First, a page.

If you have any concerns about your eye health, call us or drop in at the practice. An early professional examination offers you peace-of-mind and can ensure the most effective treatment if needed.


This hopefully explains about the vitreous jelly in the eye and some of the things that can happen when it changes.

The eye is built in a similar fashion to an old (non digital) camera with a film. The back of the eye has a photosensitive lining called the retina (the equivalent of the Kodak film in the camera). If you were to open a camera, the main chamber is full of air, but in the eye there is a jelly like substance called the vitreous humour that fills the main chamber.This is described as jelly-like because as we age it starts to break up and become more liquid-like.

The jelly is attached to the retina in places. It is held firmly at the front of the eye and has quite a firm attachment at the fovea (the very centre of the retina) and around the optic disc (which is a hole in the retinal layer where the optic nerve leaves the eye to takes messages to the brain).  Around the rest of the eye the attachment of the jelly to the retina is much less strong.

The natural ageing of the eye sees the jelly breaking down, when it does the following happens. It creates an area of liquid rather than jelly, often with debris in it from the broken down jelly. As the light passes through the eye to the retina, if it passes through this affected area, leaving a shadow like effect on the retina. Our brain interprets that shadow as a dark area. It can be dense, appearing as if a floating line or spot(s) or just a cloudy patch and is known as (vitreous) floater(s). This disturbance to the vision is not static and, if the eye is moved, the area of disturbance will move in roughly the same direction but not absolutely and often drifts after the eye movement has finished. The result to the jelly of this breakdown is that it shrinks slightly and when sufficient shrinkage has taken place it will start to pull away from the retina at the back of the eye.

If the vitreous pulls away there is what is called a ‘vitreous detachment’. In most cases this has no long term disadvantage (although will probably leave more floaters noticeable). When it pulls from the retina it causes tension on the photoreceptors and triggers a neural response from them as if they had a light flashed in that area. The result is that flashing lights are sometimes seen in the vision. These flashing lights are different from the lights people sometimes see with migraine attacks in that they only last for a second or so and are most commonly seen when the eyes are moved about. As mentioned before most of the retina/vitreous adhesion is not strong and after a short while the loose connections are broken and the lights stop, but the floaters remain. The flashing lights can last for up to a fortnight, until all the loose areas have come away and the firm anchorage areas are left.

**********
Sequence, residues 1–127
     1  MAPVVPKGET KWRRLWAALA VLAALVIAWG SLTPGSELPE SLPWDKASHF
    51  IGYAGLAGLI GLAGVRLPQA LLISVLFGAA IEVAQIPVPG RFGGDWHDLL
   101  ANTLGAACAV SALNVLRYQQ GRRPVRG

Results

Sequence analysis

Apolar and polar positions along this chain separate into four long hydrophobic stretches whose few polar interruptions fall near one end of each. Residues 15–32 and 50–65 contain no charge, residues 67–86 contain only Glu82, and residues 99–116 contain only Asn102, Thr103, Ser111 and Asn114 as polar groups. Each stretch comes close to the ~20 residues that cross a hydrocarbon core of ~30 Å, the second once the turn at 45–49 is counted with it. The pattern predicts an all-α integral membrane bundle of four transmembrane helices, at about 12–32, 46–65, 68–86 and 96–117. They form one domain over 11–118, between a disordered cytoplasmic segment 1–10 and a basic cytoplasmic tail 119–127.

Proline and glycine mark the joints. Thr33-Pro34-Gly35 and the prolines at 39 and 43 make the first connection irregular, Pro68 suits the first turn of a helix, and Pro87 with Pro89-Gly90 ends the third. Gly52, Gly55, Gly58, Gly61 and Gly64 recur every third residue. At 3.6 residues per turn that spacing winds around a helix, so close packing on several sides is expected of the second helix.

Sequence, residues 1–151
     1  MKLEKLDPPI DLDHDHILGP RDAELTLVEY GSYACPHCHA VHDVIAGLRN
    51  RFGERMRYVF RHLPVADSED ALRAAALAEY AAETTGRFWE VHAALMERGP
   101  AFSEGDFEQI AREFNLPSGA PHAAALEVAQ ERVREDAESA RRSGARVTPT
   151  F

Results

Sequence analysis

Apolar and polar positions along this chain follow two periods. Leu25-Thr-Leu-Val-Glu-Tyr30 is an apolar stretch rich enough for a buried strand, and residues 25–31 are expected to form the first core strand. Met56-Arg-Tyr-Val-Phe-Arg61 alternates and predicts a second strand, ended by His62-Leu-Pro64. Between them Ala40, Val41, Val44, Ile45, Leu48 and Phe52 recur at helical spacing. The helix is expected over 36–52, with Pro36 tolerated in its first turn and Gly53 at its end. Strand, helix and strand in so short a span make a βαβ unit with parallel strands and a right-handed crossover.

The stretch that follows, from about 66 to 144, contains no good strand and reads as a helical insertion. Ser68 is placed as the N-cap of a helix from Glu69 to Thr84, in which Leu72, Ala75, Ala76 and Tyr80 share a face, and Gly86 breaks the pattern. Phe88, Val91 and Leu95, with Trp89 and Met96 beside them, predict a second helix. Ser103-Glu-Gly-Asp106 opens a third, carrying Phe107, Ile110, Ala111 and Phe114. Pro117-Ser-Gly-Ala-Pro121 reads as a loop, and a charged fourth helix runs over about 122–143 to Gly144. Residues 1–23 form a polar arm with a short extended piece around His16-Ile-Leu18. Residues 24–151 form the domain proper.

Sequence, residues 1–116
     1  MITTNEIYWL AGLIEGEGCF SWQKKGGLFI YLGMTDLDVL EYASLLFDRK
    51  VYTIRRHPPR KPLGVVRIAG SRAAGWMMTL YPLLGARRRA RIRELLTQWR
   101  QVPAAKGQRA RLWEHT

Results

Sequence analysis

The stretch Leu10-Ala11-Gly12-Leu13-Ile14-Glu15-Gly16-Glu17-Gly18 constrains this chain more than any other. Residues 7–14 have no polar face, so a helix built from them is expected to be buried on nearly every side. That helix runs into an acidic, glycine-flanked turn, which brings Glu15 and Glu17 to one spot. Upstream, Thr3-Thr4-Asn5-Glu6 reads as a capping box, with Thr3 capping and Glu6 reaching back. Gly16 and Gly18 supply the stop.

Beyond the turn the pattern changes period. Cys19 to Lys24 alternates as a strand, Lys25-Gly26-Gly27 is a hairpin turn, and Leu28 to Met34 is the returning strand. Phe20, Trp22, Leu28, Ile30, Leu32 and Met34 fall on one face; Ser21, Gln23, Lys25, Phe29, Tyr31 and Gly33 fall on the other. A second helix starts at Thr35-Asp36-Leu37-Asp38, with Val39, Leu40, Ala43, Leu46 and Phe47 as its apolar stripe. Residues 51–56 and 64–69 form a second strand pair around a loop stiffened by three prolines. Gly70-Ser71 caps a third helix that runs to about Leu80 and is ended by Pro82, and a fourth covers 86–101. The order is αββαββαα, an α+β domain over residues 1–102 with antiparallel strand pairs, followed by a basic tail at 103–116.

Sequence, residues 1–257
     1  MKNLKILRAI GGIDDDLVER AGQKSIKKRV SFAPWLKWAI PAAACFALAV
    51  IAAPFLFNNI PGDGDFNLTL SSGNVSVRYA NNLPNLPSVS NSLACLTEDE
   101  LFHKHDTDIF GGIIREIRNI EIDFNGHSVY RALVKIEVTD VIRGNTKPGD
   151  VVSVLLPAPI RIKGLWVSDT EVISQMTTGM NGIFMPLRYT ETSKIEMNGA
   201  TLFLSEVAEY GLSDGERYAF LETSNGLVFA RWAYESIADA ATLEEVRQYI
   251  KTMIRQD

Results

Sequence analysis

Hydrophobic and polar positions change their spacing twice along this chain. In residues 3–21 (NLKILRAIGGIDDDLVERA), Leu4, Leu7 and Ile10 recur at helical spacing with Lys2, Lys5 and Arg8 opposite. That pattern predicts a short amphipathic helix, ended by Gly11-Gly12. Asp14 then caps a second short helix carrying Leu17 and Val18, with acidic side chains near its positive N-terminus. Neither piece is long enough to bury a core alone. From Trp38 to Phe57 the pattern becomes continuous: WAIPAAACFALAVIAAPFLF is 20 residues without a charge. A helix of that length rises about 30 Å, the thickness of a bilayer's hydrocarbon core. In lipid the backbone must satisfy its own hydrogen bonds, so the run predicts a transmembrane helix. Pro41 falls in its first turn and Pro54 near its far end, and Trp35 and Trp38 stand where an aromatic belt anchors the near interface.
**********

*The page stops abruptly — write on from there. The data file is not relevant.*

There are concerns that sometimes the traction between the vitreous and the retina is strong enough that the retina is affected. If this happens then hospital review is URGENTLY needed. This could be either a retinal tear or a retinal detachment, both are which can be remedied but timely action is required.

If we examine your eye to try to assess this, we will dilate the eye to allow a better view, particularly of the peripheral retina. There are tell-tale signs in the anterior vitreous if there has been retinal damage and we will look for this as well as assessing the retina as far as we can see. If we see no signs of damage we will offer a guarded reassurance. But if symptoms deteriorate then further review is needed, probably at the hospital. In a hospital eye department a similar investigation is carried out but also they will probably see further to the extremity using a technique called indention where they manipulate the eye ‘casing’. Even when very skilled observers review eyes it is possible to miss very small tears that may in future progress so changes for the worse should always been considered for further review.

We have talked of the appearance of vitreous floaters which are a natural ageing change in almost all eyes over time, but generally greater at a time of vitreous detachment. These floaters move about in the vision and are not fixed. They move generally in the direction of eye movements but often lag movements and tend to drift after movement. If there has been a retinal detachment then there will be a symptom as if an area of the vision is blocked off and this does not come and go.

We suggest you think of your vision as if a theatre stage. Floaters are like flying trapeze artists moving about in the vision. A retinal detachment would appear as if a curtain is being drawn down / across / or upwards across the stage. If you experience the ‘curtain’ effect then URGENT review at a hospital eye department is called for.


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